Thursday, August 6, 2015
Painted lady, the butterfly, not the Victorian house
So, apparently, the Painted Ladies like the coneflowers, too, like the sulphurs do.
The genus name for these little beauties is "Vanessa." They are only 2-3 1/2 inches, but they are quite eye-catching.
They always have the upper corners of their wings in black-and-white, then the rest in orange and black/brown and a tan-colored fuzzy body.
I don't know the terms for all their body parts, but your local butterfly and moth nerd will know. Or any identification guide. There are great books at your library!
This butterfly is also very widespread, but unlike the clouded sulphur, it is international. It's found everywhere except Antarctica and South America.
It migrates, too, like the monarch. It migrates from North Africa and the Mediterranean to Britain in May and June, but they aren't seen on the return trip from Britain to North Africa, because they fly so high. For many years it was a mystery as to when and how they got back south, but it was due to their flying altitude.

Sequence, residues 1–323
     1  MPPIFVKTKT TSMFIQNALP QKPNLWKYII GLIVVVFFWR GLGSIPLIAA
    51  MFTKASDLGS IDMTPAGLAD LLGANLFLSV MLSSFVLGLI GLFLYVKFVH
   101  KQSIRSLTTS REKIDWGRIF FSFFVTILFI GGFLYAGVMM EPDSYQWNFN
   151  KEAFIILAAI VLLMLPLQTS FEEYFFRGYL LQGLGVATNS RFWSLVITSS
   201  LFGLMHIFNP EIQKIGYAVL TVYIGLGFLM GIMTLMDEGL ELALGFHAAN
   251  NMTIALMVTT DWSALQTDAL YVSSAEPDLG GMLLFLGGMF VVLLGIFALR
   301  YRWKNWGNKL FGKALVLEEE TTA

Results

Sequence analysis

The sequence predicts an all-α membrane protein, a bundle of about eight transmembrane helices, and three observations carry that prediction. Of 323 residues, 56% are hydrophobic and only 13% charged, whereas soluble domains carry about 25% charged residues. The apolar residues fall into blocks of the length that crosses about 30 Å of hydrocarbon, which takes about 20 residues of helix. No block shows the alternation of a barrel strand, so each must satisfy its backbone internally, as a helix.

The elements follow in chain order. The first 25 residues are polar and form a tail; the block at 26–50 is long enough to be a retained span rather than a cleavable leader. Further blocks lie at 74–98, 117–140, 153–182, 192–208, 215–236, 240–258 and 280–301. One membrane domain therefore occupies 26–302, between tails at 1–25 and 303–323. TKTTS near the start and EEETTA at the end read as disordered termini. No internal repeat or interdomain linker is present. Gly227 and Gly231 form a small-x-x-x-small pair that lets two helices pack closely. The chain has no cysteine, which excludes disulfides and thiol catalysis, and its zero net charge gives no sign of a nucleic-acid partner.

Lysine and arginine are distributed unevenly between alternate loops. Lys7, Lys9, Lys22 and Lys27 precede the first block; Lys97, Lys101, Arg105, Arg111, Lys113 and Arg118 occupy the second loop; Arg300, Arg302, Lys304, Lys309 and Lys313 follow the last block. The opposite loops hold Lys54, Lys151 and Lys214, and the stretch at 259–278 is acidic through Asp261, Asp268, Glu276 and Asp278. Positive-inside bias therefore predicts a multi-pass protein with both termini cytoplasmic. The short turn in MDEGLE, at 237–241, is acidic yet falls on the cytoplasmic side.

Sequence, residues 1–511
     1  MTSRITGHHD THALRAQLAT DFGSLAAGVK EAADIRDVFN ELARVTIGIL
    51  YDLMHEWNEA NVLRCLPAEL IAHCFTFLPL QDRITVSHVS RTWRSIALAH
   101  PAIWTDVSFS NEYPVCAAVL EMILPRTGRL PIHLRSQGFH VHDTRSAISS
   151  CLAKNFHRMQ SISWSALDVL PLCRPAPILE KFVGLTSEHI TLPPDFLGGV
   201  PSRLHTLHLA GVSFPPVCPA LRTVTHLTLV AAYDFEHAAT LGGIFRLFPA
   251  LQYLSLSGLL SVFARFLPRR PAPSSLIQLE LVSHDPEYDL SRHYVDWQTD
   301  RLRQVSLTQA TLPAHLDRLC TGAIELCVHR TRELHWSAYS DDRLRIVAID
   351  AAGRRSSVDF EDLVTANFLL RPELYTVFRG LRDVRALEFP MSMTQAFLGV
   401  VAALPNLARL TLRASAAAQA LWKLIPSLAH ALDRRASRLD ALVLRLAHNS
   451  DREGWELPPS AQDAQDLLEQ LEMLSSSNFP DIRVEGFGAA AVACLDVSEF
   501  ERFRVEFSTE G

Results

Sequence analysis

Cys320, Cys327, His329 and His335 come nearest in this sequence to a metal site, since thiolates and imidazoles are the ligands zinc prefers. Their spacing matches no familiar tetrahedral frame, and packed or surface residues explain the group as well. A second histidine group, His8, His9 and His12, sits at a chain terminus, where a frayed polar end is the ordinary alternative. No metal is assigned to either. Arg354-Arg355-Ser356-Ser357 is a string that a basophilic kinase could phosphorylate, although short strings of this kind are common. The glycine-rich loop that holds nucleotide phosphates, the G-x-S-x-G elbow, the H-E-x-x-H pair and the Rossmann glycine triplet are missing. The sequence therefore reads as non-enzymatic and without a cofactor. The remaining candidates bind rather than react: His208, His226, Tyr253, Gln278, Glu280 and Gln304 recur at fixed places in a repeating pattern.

There are some Painted Ladies which migrate in California, from one region to another, but their migrations are more erratic, depending on weather (El Nino!) and what is growing at a given time, which varies.
Another reason PLs have such good populations is because they feed from a large array of flowers; over 300 species are known to be dinner for them. They get the biggest smorgasbord!